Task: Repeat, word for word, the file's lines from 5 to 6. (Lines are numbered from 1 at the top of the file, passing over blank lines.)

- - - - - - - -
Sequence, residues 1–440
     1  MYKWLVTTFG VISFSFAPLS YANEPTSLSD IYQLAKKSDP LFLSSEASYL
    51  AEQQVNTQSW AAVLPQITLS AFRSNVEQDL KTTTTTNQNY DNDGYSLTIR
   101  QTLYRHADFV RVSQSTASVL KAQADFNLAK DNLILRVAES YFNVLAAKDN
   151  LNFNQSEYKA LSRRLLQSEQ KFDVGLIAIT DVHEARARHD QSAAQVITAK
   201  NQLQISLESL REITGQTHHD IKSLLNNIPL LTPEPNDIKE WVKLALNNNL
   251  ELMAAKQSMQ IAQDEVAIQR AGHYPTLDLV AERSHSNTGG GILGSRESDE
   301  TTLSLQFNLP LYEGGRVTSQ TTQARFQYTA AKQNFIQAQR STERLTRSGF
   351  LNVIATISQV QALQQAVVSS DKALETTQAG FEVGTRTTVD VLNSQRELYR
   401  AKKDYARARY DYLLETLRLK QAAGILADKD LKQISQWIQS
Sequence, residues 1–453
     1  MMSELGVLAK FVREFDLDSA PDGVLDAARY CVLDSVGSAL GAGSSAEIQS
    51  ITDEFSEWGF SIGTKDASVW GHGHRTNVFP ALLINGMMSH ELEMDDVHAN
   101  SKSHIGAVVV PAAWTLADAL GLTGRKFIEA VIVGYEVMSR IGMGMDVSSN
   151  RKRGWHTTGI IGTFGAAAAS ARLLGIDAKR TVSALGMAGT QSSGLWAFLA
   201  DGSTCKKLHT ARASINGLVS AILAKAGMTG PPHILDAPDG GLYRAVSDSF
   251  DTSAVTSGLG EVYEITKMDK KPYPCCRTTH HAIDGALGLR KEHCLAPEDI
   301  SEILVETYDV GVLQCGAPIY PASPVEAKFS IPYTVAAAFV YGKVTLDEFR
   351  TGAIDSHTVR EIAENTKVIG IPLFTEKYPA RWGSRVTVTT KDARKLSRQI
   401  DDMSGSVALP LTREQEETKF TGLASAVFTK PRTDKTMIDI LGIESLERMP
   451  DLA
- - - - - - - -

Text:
   151  LNFNQSEYKA LSRRLLQSEQ KFDVGLIAIT DVHEARARHD QSAAQVITAK
   201  NQLQISLESL REITGQTHHD IKSLLNNIPL LTPEPNDIKE WVKLALNNNL